Bahtinov Focusing Mask

posted Aug 13, 2010, 11:03 AM by James Roe
Focusing a telescope when trying to image the Moon and/or planets can be difficult.  The Bahtinov mask is a funny looking device that makes the task more objective than trying to decide based upon the display from the camera (whether a "still" camera or video camera).  Here is a picture of a commercially available mask that gives an idea of what the thing looks like.

It is quite possible to make one's own from readily available templates on the Internet ( see ) and I did so using foam board.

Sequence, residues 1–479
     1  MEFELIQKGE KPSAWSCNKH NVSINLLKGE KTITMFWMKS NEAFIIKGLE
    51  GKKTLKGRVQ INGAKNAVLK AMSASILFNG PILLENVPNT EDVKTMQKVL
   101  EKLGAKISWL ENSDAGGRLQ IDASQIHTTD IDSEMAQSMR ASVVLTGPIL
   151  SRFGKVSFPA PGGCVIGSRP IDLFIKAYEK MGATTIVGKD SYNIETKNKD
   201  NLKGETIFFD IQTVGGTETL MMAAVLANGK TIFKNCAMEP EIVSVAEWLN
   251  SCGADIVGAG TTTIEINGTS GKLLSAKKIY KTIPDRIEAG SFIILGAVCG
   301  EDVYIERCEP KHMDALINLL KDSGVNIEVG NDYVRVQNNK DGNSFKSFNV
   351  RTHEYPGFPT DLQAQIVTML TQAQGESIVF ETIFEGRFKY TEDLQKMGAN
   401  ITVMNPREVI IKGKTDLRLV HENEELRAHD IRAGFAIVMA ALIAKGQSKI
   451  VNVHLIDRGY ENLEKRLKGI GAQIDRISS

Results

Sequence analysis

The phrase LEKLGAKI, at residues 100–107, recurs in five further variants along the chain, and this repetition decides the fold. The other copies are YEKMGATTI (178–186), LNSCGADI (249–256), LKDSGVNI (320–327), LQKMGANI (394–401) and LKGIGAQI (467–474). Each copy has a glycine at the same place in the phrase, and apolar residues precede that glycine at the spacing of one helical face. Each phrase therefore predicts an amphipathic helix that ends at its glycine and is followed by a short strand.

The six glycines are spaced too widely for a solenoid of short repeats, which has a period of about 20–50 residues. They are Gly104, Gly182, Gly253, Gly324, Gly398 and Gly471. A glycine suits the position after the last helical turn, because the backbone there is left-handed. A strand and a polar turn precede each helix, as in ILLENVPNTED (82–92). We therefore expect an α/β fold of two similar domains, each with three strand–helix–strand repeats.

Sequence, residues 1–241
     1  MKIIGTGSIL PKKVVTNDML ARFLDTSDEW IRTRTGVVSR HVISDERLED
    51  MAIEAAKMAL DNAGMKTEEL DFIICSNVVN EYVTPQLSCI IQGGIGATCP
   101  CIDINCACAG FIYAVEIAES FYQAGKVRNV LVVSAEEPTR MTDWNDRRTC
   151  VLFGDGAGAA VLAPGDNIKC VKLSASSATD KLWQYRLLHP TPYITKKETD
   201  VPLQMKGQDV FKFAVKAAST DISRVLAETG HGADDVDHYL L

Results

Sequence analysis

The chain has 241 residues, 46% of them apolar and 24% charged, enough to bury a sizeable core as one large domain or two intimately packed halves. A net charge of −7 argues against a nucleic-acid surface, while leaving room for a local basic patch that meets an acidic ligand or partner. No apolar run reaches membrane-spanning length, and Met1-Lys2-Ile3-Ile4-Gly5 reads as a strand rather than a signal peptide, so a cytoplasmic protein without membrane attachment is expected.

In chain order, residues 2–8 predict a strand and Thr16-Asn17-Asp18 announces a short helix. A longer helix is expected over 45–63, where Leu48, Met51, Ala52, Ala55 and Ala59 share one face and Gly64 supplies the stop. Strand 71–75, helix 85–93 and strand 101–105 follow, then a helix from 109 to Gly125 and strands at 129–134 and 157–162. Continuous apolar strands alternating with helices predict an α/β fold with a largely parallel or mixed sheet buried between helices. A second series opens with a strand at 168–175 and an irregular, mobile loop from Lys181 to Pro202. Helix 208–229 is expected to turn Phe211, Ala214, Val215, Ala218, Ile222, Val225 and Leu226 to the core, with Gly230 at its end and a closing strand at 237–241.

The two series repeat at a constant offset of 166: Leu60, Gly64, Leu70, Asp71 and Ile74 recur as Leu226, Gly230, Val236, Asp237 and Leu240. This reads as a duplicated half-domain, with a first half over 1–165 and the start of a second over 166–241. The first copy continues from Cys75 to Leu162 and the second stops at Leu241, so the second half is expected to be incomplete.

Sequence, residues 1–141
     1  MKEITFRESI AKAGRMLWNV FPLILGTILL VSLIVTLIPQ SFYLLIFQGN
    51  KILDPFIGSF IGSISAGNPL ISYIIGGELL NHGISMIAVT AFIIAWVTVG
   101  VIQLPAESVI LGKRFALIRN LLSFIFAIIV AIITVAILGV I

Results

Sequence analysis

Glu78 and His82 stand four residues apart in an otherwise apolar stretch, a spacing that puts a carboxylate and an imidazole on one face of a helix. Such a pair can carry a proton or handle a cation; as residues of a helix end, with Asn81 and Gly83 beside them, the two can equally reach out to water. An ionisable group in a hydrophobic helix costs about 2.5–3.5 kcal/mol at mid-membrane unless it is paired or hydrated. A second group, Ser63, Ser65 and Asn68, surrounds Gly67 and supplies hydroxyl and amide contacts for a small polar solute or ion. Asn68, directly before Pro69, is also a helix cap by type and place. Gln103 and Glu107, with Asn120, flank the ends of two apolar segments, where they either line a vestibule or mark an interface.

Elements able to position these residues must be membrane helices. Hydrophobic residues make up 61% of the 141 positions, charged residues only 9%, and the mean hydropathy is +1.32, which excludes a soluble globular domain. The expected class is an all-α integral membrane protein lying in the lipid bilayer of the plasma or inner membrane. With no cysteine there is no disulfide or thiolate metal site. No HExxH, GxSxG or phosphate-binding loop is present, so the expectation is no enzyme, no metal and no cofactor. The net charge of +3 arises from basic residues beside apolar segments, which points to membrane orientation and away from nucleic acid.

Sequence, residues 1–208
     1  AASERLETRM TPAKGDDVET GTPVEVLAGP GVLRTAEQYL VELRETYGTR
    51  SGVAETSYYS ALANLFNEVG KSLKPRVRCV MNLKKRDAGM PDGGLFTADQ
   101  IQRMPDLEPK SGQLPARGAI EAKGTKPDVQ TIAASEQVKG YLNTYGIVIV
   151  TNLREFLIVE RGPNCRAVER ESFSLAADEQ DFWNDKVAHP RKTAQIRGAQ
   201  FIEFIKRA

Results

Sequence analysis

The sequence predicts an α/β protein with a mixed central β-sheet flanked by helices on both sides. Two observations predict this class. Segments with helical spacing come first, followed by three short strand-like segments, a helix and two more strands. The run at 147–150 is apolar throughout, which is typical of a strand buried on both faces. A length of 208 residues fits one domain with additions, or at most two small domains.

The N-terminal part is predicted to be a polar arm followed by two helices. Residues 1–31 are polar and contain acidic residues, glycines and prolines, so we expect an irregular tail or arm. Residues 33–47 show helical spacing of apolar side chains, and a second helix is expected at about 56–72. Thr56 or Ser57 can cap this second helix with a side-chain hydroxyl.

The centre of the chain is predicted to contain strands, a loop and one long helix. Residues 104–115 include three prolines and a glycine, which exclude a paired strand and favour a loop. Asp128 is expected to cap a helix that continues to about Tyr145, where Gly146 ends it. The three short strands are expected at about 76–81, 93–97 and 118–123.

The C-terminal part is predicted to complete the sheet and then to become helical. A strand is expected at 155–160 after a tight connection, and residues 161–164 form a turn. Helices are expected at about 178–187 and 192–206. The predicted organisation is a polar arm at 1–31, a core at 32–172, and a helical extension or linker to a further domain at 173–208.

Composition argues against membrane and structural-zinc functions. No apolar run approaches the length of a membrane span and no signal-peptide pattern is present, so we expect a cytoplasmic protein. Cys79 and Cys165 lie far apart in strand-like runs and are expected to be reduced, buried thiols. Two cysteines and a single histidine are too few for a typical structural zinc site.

To use, the mask is placed over the front of the telescope and all those slots and bars really play havoc with the images the telescope makes - but in a useful way.  The image sequence below of Altair with the mask in front of our 10-in LX-200 telescope shows the way it is used.

 Too far inside focus Just right focus Too far outside focus

In practice, the "X" pattern is more or less constant while the horizontal bar moves up and down relative to the "X" as the focus knob is turned.  When the telescope is in focus, the horizontal bar bisects the "X."  To use in Lunar/Planetary imaging, the telescope is pointed to a bright star, the mask is used to focus and then the telescope is re-oriented to the object (mask removed, of course).